The Magic further protected themselves by including Exhibit 3 language in the deal, per Hollinger and Marks. While the exact details of that language are unclear, an Exhibit 3 clause allows a team to limit or eliminate a player’s salary protection in the event of a specific injury — presumably, for Isaac, the language will cover any ongoing issues related to his left knee, following this year’s left ACL tear.

Here are a few more details on recently-signed extensions:

  • Markelle Fultz‘s three-year, $50MM extension with the Magic includes guaranteed $16.5MM salaries in each of the first two seasons, according to Hollinger and Keith Smith of Yahoo Sports (Twitter link). The $17MM third-year salary is partially guaranteed for just $2MM. Fultz also has $1MM in unlikely annual incentives for winning the Most Improved Player award, says Hollinger.
  • Luke Kennard‘s four-year, $56MM extension with the Clippers includes a fourth-year team option, so only about $41.2MM is fully guaranteed, tweets Smith. However, Kennard can also easily achieve $1.1MM in annual incentives by playing in at least 66 games or logging 1,772 minutes ($620,454) and by playing in the first round of the playoffs ($477,273), reports Hollinger. Kennard’s other annual incentives include $143,182 apiece for making the Conference Finals and NBA Finals, $190,909 for winning a title, and $334,091 for a defensive rating below 105, according to Hollinger.
  • Derrick White‘s four-year extension with the Spurs has a guaranteed base value of $70MM and is structured as an increasing deal with annual 8% raises, tweets Smith. There are $1.25MM per year in incentives, according to Hollinger: $500K for appearing in 70 games, $500K for making 185 three-pointers, and $250K for making an All-Defense team. White has only made 135 career three-pointers in three seasons, including 79 in 2019/20.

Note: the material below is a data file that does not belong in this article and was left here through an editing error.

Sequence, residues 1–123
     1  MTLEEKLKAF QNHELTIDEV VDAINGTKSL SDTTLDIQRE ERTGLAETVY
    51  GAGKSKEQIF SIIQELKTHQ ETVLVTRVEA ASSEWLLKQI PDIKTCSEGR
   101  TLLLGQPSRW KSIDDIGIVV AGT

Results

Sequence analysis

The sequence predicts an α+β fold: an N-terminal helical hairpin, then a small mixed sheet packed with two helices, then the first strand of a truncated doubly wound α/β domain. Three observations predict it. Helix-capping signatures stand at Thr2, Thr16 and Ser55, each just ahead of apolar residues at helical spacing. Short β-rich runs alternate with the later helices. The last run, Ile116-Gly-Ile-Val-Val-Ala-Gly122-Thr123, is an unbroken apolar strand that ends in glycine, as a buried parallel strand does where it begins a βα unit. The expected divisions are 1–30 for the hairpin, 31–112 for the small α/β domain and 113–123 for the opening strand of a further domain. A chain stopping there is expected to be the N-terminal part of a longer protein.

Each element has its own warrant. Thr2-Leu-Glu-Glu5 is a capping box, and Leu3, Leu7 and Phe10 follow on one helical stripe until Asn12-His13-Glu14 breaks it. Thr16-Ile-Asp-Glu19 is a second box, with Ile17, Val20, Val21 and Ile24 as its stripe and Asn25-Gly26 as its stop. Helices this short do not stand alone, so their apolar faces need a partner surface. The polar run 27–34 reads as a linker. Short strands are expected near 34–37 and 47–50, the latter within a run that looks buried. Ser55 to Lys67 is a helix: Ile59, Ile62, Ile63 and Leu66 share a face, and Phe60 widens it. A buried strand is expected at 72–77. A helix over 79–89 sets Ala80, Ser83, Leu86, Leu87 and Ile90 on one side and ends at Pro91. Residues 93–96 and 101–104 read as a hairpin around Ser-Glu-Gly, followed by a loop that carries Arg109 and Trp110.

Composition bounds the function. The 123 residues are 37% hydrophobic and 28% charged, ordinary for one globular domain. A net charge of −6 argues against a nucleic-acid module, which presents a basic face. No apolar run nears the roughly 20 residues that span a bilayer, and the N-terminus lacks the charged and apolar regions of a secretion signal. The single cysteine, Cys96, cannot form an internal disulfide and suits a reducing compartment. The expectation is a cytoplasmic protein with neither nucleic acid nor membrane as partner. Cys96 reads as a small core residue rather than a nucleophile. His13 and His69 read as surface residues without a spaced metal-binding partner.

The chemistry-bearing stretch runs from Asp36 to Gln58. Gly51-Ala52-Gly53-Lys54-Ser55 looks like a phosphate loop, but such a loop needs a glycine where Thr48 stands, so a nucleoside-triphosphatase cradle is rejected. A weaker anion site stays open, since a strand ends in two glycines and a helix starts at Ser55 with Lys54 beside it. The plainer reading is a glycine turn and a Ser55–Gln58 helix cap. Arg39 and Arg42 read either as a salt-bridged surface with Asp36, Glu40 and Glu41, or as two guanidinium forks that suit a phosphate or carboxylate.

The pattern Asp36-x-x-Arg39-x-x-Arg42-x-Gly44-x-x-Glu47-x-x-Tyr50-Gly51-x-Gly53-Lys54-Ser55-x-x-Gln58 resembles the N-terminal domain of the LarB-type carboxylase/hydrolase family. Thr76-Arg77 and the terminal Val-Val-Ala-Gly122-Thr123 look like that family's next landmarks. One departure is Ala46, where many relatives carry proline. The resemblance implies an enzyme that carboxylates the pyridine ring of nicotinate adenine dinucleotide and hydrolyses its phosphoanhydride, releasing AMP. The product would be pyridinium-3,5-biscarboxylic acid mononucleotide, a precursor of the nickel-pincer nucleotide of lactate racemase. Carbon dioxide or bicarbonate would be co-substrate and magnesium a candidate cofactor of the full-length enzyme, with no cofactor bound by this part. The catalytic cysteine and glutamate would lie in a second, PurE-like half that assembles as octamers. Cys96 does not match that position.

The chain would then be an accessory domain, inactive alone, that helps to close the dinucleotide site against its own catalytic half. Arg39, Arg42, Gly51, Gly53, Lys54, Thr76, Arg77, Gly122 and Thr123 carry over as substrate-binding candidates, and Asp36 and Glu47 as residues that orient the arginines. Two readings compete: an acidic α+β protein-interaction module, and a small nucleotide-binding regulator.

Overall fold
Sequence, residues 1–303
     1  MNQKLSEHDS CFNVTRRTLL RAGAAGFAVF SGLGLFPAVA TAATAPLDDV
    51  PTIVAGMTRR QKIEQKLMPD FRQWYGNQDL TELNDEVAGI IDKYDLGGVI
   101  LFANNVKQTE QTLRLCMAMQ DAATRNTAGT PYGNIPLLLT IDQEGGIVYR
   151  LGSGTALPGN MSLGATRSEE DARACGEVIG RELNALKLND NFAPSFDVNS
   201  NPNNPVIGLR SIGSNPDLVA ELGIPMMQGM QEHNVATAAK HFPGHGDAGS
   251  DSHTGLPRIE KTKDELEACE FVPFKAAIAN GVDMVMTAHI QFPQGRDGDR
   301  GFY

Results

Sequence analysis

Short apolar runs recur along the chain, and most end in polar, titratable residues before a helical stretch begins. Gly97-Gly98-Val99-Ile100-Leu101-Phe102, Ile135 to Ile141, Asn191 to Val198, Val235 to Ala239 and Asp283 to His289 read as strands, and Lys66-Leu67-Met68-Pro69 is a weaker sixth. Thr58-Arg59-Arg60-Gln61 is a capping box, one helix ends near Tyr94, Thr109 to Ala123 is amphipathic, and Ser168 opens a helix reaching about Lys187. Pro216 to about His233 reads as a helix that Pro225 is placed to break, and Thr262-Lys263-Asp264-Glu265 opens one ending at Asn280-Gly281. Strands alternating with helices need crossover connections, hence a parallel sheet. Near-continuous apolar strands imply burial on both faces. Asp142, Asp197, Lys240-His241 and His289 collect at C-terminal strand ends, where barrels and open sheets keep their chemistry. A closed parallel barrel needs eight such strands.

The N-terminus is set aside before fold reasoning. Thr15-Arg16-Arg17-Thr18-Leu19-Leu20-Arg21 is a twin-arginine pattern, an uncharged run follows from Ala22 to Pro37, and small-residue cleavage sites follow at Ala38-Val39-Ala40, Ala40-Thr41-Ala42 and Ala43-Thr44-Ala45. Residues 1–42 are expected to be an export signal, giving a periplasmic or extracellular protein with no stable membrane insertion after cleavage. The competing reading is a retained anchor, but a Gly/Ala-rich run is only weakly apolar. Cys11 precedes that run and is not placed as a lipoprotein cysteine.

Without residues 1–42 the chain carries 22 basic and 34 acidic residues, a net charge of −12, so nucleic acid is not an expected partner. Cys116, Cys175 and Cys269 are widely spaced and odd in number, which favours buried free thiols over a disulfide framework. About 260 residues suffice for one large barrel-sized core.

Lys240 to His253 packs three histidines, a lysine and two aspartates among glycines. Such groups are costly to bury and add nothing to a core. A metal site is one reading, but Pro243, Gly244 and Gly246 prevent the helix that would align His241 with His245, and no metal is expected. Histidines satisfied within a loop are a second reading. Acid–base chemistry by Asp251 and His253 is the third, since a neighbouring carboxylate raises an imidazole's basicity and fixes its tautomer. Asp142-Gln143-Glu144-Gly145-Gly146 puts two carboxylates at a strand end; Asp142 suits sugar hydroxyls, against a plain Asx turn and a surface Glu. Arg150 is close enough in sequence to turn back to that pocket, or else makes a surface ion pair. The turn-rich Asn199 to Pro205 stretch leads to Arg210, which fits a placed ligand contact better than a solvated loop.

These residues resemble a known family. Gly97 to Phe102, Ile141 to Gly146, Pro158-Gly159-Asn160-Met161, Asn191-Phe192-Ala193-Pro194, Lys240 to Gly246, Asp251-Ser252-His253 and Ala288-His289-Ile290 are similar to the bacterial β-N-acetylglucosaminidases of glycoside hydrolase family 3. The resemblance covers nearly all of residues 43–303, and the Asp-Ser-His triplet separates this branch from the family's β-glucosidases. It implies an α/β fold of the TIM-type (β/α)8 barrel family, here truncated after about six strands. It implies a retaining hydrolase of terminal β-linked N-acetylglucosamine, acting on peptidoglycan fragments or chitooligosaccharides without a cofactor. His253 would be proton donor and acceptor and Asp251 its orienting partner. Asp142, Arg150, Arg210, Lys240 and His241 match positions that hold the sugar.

Clippers Sign Luke Kennard To Four-Year Extension

DECEMBER 22, 2:05pm: Kennard’s extension includes a team option for the fourth year, reports Michael Scotto of HoopsHype (Twitter link).


DECEMBER 21, 5:13pm: The Clippers have officially announced Kennard’s new contract extension.

“We are excited to secure a commitment from a dynamic, emerging young player who continues to grow every day,” Clippers president of basketball operations Lawrence Frank said in a statement. “We have been impressed with Luke’s versatility and maturity, and it’s been a privilege to get to know him better during this training camp. We believe he is a fantastic fit for our organization and we are delighted he feels the same.”


DECEMBER 21, 3:22pm: The Clippers and guard Luke Kennard have reached an agreement on a four-year, $64MM rookie scale contract extension, agents Aaron Mintz and Dave Spahn tell Adrian Wojnarowski of ESPN (Twitter link).

The deal includes $56MM in guaranteed money, plus $8MM in additional bonuses that are considered attainable, tweets Andrew Greif of The Los Angeles Times.

It’s an impressive number for Kennard, who missed much of the 2019/20 season due to knee issues. He played well when healthy, averaging 15.8 PPG, 4.1 APG, and 3.5 RPG with a .442/.399/.893 shooting line in 28 games (32.9 MPG).

The Pistons’ new front office sent Kennard to Los Angeles in a three-team offseason trade that saw Saddiq Bey and Rodney McGruder land in Detroit. The 24-year-old’s asking price on an extension – along with his injury history and the team’s change in direction – played a part in Detroit’s decision to move him, tweets James L. Edwards III of The Athletic.